Nick Chubb added a rushing touchdown and Austin Seibert kicked three field goals for Cleveland (1-1), which impressively rebounded from a season-opening 43-13 loss to the Tennessee Titans.

New York (0-2) totaled 262 offensive yards without starting quarterback Sam Darnold (mononucleosis) and also lost fill-in Trevor Siemian to an injured left ankle with 7:47 left in the second quarter. Siemian was 3-of-6 passing for 3 yards before exiting.

Luke Falk finished the game and completed 20 of 25 passes for 198 yards. Le’Veon Bell rushed for 68 yards on 21 carries and caught 10 passes for 61 more as New York suffered its seventh straight home setback.

The Browns, who had 375 offensive yards, scored the game’s first 13 points while quickly taking control.

Seibert kicked field goals of 23 and 48 yards in the first quarter, and Chubb scored on a 19-yard run through the left side to make it 13-0 with 10:16 left in the half.

Siemian was injured about 2 1/2 minutes later when he was hit by Garrett after throwing a deep incompletion. Siemian’s toes pressed into the turf and his left leg twisted as he felt the brunt of the weight of his lower body plus Garrett’s body weight falling on him.

Falk entered and drove the Jets to Sam Ficken’s 46-yard field goal with 2:56 left in the half.

Seibert booted a 43-yard field out as time expired to give Cleveland a 16-3 halftime lead.

The big play to Beckham all but assured the Browns’ victory. Cleveland was at its own 11-yard line when Mayfield hit a wide-open Beckham with a short throw at the 22. Beckham headed upfield and outran four New York secondary players with 3:32 left in the third quarter.

Beckham also made an acrobatic one-handed, 33-yard reception in the opening quarter to set up Seibert’s first field goal.

–Field Level Media

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Woodland leads Rose by one at U.S. Open

Woodland leads Rose by one at U.S. Open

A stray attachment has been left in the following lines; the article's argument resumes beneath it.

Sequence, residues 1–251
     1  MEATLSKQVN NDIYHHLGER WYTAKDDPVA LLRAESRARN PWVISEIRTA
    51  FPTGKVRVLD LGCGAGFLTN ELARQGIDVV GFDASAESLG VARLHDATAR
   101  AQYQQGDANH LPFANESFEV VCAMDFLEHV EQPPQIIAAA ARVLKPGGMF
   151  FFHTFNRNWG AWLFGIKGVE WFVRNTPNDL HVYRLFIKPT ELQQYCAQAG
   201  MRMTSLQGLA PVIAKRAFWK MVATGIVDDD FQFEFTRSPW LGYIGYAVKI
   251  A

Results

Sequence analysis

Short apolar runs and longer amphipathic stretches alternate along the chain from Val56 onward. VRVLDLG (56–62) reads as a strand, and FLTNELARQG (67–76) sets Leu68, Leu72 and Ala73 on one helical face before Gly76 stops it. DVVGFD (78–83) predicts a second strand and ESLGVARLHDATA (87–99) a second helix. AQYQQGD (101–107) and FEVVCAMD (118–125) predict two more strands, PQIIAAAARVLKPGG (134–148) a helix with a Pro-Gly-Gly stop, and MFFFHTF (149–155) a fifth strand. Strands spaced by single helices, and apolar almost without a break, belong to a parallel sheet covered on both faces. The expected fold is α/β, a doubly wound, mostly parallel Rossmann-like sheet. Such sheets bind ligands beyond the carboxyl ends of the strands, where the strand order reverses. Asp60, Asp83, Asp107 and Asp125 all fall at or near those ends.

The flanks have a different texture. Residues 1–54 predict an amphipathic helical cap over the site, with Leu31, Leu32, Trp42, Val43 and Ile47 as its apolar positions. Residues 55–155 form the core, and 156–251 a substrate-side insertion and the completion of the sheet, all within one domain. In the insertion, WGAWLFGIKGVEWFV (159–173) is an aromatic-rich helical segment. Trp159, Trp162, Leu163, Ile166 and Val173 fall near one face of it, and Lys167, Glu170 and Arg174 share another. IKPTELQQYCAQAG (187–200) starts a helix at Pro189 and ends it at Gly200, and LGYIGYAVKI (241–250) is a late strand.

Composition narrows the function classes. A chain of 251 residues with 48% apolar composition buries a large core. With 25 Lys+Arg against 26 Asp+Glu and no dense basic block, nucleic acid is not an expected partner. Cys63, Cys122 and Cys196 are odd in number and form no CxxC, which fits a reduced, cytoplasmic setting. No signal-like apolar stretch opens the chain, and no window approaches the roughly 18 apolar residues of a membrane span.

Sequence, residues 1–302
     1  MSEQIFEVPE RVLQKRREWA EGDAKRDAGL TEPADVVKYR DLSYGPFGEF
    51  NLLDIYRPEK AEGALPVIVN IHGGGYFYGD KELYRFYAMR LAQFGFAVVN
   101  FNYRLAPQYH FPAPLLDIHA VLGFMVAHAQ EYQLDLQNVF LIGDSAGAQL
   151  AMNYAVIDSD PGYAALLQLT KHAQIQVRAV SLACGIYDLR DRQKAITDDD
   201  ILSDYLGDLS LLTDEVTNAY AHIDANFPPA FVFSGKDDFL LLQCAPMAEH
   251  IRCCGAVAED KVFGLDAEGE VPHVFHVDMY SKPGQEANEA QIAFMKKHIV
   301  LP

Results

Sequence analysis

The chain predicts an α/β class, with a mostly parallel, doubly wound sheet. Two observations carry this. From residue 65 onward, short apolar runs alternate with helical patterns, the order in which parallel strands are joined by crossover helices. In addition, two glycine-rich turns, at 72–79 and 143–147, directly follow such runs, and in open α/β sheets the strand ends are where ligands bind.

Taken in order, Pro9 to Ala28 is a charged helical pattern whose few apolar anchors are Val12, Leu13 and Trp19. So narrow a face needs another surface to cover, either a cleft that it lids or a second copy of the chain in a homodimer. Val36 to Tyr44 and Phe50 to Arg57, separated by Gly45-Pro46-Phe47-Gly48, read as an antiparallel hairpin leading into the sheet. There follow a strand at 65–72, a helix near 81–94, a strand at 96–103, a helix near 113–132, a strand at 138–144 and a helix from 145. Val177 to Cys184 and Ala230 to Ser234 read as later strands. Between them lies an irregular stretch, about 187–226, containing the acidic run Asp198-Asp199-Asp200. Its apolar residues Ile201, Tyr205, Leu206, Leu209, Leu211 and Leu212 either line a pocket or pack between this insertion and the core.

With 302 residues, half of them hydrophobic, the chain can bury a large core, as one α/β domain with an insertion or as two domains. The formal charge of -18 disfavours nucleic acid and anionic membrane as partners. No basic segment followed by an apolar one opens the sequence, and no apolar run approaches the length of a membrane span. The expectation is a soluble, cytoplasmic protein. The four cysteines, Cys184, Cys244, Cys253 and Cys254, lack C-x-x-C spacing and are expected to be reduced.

Woodland leads Rose by one at U.S. Open

It naturally should be mostly about Gary Woodland and England’s Justin Rose at this stage of the U.S. Open.

But Brooks Koepka is lurking, and that’s enough to swing a bunch of attention his way for the final round at Pebble Beach.

Woodland maintained the lead through Saturday’s third round, posting a 2-under 69 on the shores of northern California.

Woodland is at 11-under 202 for the tournament and goes into Sunday’s final round with a one-shot edge on England’s Justin Rose, who registered on 68 on Saturday. Rose closed with a birdie, cutting his deficit in half from when the round began.

Yet Koepka, the two-time defending champion, is just four shots off the lead.

“I feel good,” Koepka said. “I feel like if I can just make a few putts, I feel like I could be right there, right next to Gary.”

Woodland endured only his second bogey of the tournament on the par-4 eighth hole. From there, he had pars the rest of the way other than a birdie on No. 11, his third of the day after two on the front nine.

Woodland has been in the top 10 in two of the past three majors, so he’s gaining comfort in pressure situations.

“I can be confident with the way I’m working the golf ball right now,” Woodland said. “I’m starting to work both ways, which has been an adjustment for me. I think the golf course sets up beautifully for me.”

Rose rolled in a birdie putt from the fringe on the par-5 14th for one of his clutch conversions, bouncing back from a bogey at the 13th. He finished with five birdies against two bogeys on the day.

Woodland and Rose will be in the final pairing for the second day in a row.

“It’s going to be a fun day,” Rose, the 2013 champion, said of Sunday. “(Being) one (stroke) back gives me the freedom to feel like I’ve got everything to gain, nothing to lose.”

Koepka moved within two shots of the lead at one point. His bogey-free 68 was his best mark of the tournament so far, leaving him at 7 under going into the final round.

“Just keep doing what I’m doing,” said Koepka, who has also won back-to-back PGA Championships, with the second coming last month. “Obviously whatever I’m doing is working. … Trying to be three back going into the back nine, you never know from there, see what happens. Make a couple of birdies, put some pressure on guys.”

Chez Reavie (68) and South Africa’s Louis Oosthuizen (70) are level with Koepka in third place.

Northern Ireland’s Rory McIlroy (70) is alone in sixth at 6 under.